Drilling began with the bore for the 14-in. pipe. For this, Al Naboodah used a 7-in. mud motor with a 10-in. tri-conal milled-tooth bit. Behind this, two 30-ft non-magnetic drill collars carried the Paratrack tool and pressure sub. The drilling took five days. Then the bore was backreamed using a 20-in. milled-tooth hole opener, which took an additional four days. Finally, the pipe was pulled with an 18-in. barrel reamer in front of the swivel.

Next on the plan was the 10-in. pipe. However the D300x500 was needed for an urgent job elsewhere. So to stay on schedule, Al Naboodah called in its NAVIGATOR D100x120 for this smaller bore.

Again, a mud motor was used for the pilot bore, this time a 4-in. motor with a 5-in.tri-conal milled-tooth bit. Two 20-ft non-magnetic drill collars created a similar bottom hole assembly as for the bigger rig. After five days of drilling, backreaming was carried out using a 12-in. milled-tooth hole opener and took three days. The pipe was pulled the next day.

A Sticky Problem

A couple of days later, the Vermeer D300x500, R300s reclaimers and SA300 high pressure pump returned to the site so work could begin on the bore for the 20-in. pipe. Initially, a mud motor was used again. However, although mud motors had performed well on the previous bores, this time the drilling ran into difficulties when it reached the gypsum and clay in the second half of the horizontal section.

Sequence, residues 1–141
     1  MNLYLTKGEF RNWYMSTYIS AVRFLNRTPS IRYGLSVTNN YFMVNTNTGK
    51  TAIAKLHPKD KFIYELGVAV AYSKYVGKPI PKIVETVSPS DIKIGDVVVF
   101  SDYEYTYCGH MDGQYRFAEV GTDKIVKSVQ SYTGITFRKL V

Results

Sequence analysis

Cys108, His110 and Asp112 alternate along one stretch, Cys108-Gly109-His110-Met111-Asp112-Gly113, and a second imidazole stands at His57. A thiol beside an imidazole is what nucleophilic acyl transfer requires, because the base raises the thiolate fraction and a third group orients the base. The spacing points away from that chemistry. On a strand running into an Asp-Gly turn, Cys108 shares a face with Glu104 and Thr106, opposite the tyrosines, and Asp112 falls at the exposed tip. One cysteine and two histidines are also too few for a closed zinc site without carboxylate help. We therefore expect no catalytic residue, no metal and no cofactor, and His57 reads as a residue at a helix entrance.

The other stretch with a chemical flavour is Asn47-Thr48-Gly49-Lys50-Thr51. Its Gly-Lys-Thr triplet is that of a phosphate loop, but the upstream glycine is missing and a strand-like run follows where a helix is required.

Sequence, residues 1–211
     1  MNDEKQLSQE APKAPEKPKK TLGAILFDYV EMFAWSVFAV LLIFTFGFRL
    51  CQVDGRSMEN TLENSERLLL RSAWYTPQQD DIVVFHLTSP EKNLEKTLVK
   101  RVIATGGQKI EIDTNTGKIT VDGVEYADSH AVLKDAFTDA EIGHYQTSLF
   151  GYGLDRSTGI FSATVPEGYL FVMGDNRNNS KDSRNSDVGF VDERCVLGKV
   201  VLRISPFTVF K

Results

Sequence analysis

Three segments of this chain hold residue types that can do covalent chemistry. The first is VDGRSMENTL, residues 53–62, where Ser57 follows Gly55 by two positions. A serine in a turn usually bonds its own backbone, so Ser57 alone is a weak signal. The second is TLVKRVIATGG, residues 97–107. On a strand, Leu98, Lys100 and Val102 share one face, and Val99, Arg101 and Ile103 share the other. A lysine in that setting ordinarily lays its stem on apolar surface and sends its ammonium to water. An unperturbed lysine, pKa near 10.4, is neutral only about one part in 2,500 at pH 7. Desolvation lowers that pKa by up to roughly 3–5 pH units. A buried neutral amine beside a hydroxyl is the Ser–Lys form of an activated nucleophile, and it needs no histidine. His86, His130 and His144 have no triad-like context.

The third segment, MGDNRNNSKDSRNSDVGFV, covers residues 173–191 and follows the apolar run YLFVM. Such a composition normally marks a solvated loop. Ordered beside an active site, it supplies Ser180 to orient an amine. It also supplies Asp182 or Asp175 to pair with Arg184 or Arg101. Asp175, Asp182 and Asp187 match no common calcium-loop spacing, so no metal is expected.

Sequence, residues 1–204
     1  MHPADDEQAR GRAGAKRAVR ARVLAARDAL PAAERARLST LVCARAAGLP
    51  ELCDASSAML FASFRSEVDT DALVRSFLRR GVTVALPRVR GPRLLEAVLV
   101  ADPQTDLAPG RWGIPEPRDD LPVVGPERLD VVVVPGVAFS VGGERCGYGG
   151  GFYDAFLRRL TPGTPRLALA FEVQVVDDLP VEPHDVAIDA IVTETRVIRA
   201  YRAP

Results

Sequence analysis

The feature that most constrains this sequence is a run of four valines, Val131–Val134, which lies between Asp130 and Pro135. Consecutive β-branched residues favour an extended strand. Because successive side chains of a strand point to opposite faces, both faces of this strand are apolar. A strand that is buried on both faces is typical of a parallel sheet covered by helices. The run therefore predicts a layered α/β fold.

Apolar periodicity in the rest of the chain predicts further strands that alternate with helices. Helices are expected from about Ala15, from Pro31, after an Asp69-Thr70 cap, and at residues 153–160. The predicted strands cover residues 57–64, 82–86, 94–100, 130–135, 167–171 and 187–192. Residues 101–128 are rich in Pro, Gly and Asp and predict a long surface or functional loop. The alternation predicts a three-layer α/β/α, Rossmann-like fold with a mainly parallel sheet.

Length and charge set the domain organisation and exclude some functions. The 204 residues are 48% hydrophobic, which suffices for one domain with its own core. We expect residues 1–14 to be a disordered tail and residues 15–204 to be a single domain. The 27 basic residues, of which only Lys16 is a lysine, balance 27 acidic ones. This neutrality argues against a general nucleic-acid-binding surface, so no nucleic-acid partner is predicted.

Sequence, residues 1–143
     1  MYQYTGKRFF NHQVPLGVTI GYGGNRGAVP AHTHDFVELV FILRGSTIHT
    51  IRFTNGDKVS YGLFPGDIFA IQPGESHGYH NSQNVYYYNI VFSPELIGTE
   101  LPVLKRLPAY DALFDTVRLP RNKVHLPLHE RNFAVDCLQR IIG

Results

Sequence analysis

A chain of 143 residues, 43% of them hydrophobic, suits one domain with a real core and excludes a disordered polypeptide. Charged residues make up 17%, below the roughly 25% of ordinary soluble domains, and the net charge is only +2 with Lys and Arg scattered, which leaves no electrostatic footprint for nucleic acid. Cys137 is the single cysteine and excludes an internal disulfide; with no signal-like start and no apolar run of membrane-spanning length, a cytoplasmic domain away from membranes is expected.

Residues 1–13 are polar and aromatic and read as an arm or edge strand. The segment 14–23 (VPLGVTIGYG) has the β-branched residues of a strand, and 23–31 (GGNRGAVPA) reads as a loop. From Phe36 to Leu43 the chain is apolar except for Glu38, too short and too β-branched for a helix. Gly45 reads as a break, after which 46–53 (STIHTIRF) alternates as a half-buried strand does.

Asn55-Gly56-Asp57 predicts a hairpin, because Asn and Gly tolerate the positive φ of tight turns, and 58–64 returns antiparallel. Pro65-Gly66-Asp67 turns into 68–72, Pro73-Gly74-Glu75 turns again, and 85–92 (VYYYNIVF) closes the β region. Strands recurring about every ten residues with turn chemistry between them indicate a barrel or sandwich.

The layer was much stickier here than for the previous bores, and this was slowing down progress. By monitoring the bentonite returns, Al Naboodah realized that a jetting bit would be much more suited to the new soil condition. After making that change, drilling was finished in a total of six days and backreaming could begin.

When the first bore was backreamed, the hole opener had some difficulties getting through the gypsum and clay segment. So with the stickier condition in the segment for this final bore, Al Naboodah employed a new backreaming strategy.

First, a 30-in. milled-tooth hole opener was pulled to the end of the exit curve and then pulled back out on the exit side. Next it was removed from the drill string and replaced with a 26-in. flycutter. This was pulled quickly through the 30-in. hole to start cutting the clay at the beginning of the horizontal section. Once the flycutter was through the clay, it was pulled slowly through the sandstone portion of the bore to reduce tooth wear and allowed to complete the backreaming without having to stop and replace the teeth.

This new strategy paid off and backreaming was completed within four days. A 24-in. barrel reamer was pulled through the bore to check it and no problems were found. The 20-in. sleeve was pulled the following day.

Finally, the sub-ducts were installed. These comprised a bundle of utility pipes for the 20-in. bore, and a 4-in. drinking water line in the 14-in. pipe. To do this, the D300x500 was used to push a drill rod through the sleeve, the bundle/pipe and swivel was attached, and the rod pulled back.

The project certainly had its challenges: from blowout risk and changing soil conditions to coordinating the HDD around all the ongoing backfilling and construction activities on Logo Island. But Al Naboodah executed according to plan. It was a vital step in the creation of the Palm Trilogy – which has since become an iconic symbol of Dubai’s rapidly growing tourist industry.

Hester Regoort is a technical writer for Two Rivers Marketing, Des Moines, Iowa.